Chief Election Commissioner O.P. Rawat’s view that it is not possible to hold simultaneous elections to the Lok Sabha and the State Assemblies soon is a realistic assessment of the humongous task ahead of the Election Commission before it can embark on such an ambitious venture. Mr. Rawat has, in particular, ruled out the possibility of holding elections to the Lok Sabha this December along with polls to the Assemblies of four States. In addition to the basic requirement of a legal framework under which the extension or curtailment of the term of any Assembly is constitutionally permissible, simultaneous elections would demand a massive increase in the number of electronic voting machines (EVMs) and voter-verifiable paper audit trail (VVPAT) units. Mr. Rawat has pointed out that altering the term of an Assembly needs an amendment to the Constitution. Moreover, ensuring the availability of VVPATs everywhere poses a logistical challenge. Mizoram is due for elections in December, as the term of the Assembly ends on December 15. This will be followed by Chhattisgarh, Madhya Pradesh and Rajasthan, with the terms of their Assemblies ending on January 5, 7 and 20, respectively. A new batch of VVPAT units is expected only by the end of November, and it takes a month for first-level checking, rendering the possibility of using them in the next round of elections remote. The logistics are bracing, too. Simultaneous elections will require the use of 24 lakh EVMs, needing the procurement of 12 lakh EVMs and an equal number of VVPAT units, according to its estimate. These figures ought to give pause to the clamour to hold simultaneous Assembly elections with the next Lok Sabha polls.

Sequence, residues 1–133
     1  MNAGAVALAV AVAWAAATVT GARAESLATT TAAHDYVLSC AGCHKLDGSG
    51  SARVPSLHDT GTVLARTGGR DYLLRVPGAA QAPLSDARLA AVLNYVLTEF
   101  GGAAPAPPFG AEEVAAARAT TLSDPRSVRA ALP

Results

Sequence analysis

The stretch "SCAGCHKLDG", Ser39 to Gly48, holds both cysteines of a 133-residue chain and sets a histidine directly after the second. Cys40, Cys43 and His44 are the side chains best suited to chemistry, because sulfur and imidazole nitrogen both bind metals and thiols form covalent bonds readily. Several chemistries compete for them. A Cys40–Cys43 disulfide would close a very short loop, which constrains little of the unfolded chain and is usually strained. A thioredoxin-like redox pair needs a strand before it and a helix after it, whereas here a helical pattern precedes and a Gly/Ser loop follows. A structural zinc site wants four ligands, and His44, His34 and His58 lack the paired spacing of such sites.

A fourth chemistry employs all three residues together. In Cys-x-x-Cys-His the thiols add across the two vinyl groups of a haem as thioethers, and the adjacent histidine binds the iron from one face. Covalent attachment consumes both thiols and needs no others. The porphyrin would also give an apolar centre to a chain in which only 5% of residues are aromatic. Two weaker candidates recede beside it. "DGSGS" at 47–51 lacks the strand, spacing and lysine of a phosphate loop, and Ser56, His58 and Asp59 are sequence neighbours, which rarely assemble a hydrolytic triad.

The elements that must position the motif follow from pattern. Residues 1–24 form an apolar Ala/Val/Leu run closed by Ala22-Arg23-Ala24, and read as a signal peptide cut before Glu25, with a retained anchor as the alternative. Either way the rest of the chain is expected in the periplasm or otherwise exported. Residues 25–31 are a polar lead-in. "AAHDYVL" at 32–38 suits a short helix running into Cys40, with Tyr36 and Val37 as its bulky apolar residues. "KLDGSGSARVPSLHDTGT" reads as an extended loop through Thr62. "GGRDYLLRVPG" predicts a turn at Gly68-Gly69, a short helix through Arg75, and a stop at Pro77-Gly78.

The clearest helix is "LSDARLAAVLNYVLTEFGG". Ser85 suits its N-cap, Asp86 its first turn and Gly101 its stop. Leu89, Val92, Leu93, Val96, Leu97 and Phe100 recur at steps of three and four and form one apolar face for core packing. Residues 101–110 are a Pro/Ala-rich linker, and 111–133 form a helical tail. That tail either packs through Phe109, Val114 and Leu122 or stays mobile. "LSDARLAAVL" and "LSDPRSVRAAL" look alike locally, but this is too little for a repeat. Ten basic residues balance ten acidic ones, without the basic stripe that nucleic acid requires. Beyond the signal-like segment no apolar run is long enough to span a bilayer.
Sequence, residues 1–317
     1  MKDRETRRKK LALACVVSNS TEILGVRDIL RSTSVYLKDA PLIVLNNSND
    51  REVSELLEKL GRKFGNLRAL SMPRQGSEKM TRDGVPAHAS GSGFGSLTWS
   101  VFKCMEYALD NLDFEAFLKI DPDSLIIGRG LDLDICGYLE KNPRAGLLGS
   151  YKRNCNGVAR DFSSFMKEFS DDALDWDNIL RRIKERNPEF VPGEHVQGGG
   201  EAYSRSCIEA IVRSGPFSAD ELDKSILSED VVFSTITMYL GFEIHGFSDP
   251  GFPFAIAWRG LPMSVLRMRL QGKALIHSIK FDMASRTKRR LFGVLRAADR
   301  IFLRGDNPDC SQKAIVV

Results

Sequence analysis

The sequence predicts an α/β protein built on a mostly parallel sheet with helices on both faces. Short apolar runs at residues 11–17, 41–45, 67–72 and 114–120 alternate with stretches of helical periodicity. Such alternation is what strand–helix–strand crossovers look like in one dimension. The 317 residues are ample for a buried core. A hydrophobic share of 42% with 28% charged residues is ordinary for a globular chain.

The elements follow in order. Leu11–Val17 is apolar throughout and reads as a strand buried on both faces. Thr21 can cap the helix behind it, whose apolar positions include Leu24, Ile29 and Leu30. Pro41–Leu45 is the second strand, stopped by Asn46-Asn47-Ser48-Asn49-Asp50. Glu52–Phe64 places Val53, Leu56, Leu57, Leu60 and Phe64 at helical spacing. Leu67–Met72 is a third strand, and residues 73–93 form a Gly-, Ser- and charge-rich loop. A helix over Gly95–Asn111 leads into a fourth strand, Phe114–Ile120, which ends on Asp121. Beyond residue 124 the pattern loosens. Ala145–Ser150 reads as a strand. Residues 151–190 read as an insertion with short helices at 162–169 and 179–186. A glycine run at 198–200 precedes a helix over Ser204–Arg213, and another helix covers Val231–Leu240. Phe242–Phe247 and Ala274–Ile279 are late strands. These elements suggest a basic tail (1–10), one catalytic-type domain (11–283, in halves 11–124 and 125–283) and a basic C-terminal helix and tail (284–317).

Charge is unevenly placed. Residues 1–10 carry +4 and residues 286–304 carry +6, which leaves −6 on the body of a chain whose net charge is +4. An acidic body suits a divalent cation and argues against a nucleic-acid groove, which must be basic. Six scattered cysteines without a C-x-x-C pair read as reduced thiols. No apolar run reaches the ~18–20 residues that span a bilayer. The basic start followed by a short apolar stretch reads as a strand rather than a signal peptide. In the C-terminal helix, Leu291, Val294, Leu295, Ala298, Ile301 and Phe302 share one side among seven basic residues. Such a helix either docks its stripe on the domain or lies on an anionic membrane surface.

It goes without saying that a wide political consensus, as well as legislative cooperation from various parties at the Centre and in the States, is required for holding simultaneous elections. It is natural that parties that control legislatures constituted in recent months or years would resist any curtailment of their tenures, while those in the Opposition may prefer simultaneous polls if it means Assembly elections being advanced. Bharatiya Janata Party president Amit Shah has written to the Law Commission favouring simultaneous polls, giving a fillip to the idea. The crux of the argument in favour of the concept is that the country is perpetually in election mode, resulting in a lack of adequate focus on governance. The second contention is that scattered polling results in extra expenditure. The question before India is, in order to address these two issues, can legislature terms be curtailed without undermining representative democracy and federalism? Given the procedural and logistical challenges that holding of simultaneous elections pose, it would be far more productive for political parties to focus on basic electoral reforms and find ways to curb excessive election expenditure.